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Mary Pratt

Mary Pratt

Mary Pratt

Prattie
Quincy, MA  US
11/30/1918
Left
Left
Player
Pitcher
Kenosha Comets (1944, 1945), Rockford Peaches (1943, 1944, 1946, 1947)

Mary Pratt Seasonal Pitching Records

Year G IP R ER ERA BB SO HB WP W L PCT
1943 24 150 97 63 3.78 38 8 3 6 5 11 .313
1944 41 303 133 84 2.50 90 26 10 5 21 15 .583
1945 27 158 95 70 3.99 66 14 7 11 1 16 .059
1946 14 69 48 37 4.83 38 6 1 1 1 7 .125
1947 4 27 23 19 6.33 8 1 2 0 0 2 .000

Mary Pratt Seasonal Batting Record

Year G AB R H 2B 3B HR RBI SB BB SO AVG
1943 24 51 4 12 0 0 0 1 1 4 8 .235
1944 45 103 7 13 0 0 0 6 4 7 7 .126
1945 27 46 3 8 0 0 0 1 0 8 10 .174
1946 14 19 0 0 0 0 0 0 1 1 2 .000
1947 4 10 0 0 0 0 0 0 0 0 0 .000

Profile Biography

See Related Articles above "Player/Profile Search" for a biography.

Autobiographical Sketch - By Mary Pratt:

I was born in Bridgeport, Connecticut, and my family moved to Quincy, Massachusetts, my father's birthplace, in the height of the depression years. My Father was a draftsman during the World War II years and was employed by the Lake Torpedo in New Haven, Connecticut.

It had always been my desire to go to college and major in Physical Education. I did so in 1936 when I entered Boston University. I graduated in 1940 and started a teaching career that lasted 48 years. My advanced degrees were awarded to me from Boston University and the University of Massachusetts.

My athletic competition through most of my growing up and teaching years was limited. I competed with and against boys. Competition at the high school and college levels for girls was limited to intramural and class competition. I did, however, have the opportunity to compete in a local church basketball league and with both the Boston Field Hockey and Lacrosse Associations.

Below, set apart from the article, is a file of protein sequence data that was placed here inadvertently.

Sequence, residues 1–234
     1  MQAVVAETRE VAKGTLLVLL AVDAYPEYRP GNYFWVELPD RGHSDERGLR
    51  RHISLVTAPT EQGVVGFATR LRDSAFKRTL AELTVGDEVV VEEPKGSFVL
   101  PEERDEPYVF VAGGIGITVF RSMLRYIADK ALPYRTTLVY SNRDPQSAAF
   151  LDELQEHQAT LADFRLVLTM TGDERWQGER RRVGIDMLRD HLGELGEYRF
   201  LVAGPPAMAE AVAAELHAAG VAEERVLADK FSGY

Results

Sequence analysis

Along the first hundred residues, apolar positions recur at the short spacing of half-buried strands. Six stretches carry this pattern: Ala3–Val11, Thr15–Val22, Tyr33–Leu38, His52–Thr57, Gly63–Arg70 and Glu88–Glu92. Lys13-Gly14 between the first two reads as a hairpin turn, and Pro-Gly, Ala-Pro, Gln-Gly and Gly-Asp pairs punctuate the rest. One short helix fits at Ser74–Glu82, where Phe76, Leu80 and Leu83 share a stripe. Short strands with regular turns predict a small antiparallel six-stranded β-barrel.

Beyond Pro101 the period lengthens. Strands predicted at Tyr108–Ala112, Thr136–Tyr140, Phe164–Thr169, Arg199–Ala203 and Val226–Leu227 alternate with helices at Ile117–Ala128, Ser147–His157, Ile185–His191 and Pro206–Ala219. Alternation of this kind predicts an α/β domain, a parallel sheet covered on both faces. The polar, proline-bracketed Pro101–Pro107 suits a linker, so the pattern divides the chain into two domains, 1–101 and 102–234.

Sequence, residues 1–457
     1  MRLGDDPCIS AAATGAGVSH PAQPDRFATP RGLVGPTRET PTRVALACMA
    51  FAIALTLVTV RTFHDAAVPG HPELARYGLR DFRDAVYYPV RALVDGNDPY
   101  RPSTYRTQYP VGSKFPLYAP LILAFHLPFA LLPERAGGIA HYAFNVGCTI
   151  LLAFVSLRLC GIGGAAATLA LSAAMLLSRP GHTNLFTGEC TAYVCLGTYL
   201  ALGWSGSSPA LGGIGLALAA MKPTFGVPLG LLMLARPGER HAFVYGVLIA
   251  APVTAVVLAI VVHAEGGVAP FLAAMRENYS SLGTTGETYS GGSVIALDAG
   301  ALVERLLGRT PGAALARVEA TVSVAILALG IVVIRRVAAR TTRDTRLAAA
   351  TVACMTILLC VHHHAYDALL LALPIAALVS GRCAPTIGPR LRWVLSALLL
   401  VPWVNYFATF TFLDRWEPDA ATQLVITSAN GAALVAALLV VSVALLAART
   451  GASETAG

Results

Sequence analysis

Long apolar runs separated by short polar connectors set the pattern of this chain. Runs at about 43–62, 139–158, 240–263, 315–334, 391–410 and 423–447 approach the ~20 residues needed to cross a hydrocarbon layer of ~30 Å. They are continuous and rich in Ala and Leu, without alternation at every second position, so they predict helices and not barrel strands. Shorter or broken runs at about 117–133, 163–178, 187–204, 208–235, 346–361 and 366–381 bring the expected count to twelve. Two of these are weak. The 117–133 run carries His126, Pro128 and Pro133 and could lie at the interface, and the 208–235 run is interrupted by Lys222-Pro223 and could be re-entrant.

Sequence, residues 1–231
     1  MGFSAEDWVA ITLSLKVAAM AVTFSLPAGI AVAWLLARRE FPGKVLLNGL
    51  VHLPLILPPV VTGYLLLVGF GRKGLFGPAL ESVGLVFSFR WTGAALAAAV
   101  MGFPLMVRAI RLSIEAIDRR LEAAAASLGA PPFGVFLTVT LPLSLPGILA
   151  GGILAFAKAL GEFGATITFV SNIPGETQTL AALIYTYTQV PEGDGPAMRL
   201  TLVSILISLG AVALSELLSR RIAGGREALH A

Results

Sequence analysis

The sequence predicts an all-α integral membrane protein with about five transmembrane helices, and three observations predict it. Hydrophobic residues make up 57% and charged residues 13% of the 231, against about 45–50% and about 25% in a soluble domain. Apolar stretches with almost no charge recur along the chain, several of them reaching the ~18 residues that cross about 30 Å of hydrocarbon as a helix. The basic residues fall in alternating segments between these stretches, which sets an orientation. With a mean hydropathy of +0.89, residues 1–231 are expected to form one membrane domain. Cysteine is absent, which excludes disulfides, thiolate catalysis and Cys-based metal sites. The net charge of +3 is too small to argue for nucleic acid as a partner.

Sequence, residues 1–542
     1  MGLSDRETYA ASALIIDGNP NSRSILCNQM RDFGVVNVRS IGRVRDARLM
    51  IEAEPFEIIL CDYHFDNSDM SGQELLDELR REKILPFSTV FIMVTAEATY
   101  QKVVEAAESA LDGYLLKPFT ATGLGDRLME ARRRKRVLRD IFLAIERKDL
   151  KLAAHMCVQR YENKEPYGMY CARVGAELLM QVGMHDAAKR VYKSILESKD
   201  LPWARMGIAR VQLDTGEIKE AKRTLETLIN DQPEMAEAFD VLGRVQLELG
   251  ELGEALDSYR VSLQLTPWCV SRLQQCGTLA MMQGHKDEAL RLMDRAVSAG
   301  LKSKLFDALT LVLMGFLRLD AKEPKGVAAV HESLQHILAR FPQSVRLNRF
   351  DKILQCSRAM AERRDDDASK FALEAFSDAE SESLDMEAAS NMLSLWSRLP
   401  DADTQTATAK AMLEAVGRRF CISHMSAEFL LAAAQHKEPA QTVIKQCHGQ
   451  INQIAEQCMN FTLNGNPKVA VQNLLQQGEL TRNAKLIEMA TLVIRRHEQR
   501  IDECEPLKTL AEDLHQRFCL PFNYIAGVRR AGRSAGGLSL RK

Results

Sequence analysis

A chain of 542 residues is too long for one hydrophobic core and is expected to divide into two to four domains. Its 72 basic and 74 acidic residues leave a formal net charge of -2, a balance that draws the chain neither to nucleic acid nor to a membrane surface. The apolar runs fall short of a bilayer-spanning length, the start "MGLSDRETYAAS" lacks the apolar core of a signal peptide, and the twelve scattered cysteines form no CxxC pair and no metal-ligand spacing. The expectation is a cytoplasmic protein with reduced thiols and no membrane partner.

A tremendous void was filled with 50 years of officiating Basketball, Softball, Field Hockey and Lacrosse. A great deal of that competition in those early years was in the private school sector.

With the advent of Title IX, in the1970s, competition in girls' athletic programs increased, and I became very active in the local and state associations, serving in leadership roles, at every level.

It was in 1943 that I had the opportunity to become a member of the AAGPBL. In June of that year, I was contacted by personnel in Chicago and flew out to Chicago after the close of school. I was met by Mr. Ken Sells, appointed by Mr. Philip Wrigley as President of the AAGPBL. I was escorted to Rockford and joined that team. That evening, Rockford was in the process of playing a league game at the 15th ave. Stadium. That was my introduction into the All-American and the start of five wonderful summers as a member of the league, 1943-47.  I was fortunate to have particated during those eras when so many changes took place within the structure of the League.